In a chilling echo of current times, Europe was awash with a human tidal wave of people on the move; streams of refugees fleeing war, poverty, and prejudice trekked the length of the continent to board transatlantic liners, hoping to find a new life in the promised land of Canada and, more especially, the USA.

This trade was so vast that tapping into it made simple, logical sense. From Southampton, a White Star liner could reach Cherbourg in six hours to embark passengers from the continent. Steaming overnight along the English Channel, that same liner could arrive in Queenstown to pick up Irish emigrants- just as their Cunard rivals did- before beginning the westbound crossing proper to the new world.

Thus, White Star ships could fill up their empty cabins at two ports rather than just one, as well as picking up passengers almost directly from London via the better rail links that existed to the Hampshire port. Once achieved, their ships could then steam westward at a more stately, fuel conservative speed that made them slower, yet more comfortable, than their Cunard rivals.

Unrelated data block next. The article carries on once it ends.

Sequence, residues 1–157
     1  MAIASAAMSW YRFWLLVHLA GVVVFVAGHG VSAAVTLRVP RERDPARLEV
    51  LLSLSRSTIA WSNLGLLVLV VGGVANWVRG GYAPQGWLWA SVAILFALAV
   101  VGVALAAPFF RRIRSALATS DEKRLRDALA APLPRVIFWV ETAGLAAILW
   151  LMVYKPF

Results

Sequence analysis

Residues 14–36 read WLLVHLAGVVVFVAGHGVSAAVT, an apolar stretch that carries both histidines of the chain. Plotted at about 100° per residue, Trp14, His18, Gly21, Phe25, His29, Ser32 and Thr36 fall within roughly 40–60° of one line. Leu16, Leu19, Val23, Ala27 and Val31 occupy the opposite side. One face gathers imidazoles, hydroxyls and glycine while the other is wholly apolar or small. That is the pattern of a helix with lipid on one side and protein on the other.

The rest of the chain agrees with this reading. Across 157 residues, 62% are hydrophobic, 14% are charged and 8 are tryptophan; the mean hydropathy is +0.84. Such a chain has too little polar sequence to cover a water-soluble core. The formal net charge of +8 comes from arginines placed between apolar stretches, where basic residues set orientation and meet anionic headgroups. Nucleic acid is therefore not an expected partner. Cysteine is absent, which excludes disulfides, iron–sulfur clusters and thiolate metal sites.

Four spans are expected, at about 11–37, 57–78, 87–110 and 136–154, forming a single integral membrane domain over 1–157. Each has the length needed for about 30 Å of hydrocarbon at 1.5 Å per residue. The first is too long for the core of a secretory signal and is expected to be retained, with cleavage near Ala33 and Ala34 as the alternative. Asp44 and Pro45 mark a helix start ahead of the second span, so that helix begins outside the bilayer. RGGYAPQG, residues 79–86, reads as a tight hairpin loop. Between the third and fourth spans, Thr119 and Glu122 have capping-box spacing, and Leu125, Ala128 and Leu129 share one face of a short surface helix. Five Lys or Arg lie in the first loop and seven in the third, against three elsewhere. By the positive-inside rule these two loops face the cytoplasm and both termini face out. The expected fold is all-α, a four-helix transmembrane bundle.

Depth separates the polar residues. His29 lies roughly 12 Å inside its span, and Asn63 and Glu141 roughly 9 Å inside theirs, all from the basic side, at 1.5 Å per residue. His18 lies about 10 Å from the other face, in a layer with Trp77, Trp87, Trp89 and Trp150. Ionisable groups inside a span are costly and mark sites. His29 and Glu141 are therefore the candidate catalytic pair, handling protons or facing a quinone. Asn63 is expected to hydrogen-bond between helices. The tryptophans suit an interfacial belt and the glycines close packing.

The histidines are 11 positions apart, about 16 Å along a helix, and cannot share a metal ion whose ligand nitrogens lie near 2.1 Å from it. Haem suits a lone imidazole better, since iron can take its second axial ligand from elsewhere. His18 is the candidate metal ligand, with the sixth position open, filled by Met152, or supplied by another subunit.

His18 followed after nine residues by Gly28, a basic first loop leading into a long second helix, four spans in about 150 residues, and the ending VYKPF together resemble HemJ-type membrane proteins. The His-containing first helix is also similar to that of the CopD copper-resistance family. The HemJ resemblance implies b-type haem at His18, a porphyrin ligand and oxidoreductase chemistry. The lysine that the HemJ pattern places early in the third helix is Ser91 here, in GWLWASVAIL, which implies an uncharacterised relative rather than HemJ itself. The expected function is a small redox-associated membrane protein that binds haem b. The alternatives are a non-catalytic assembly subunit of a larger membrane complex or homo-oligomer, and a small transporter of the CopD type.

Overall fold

And, in planning it’s response to the Cunard wonder ships, White Star refused to be pushed back into an arms race in terms of speed. Instead, they opted for a pair of colossal ocean liners, later to be followed by a third. Each would be half as big again as the new Cunarders. From the start, these giants were intended to be ‘Southampton ships’ and, as a result, massive infrastructure upgrades were initiated across that port. Upgrades that Cunard, ironically, would benefit from significantly after the Great War.

While the design of the new ships was in theory a response to Cunard, White Star still kept it’s other eye locked on the progress of Hamburg Amerika and it’s chairman, the savvy, fastidious Albert Ballinn. It was, incidentally, a compliment that Ballinn himself duly reciprocated.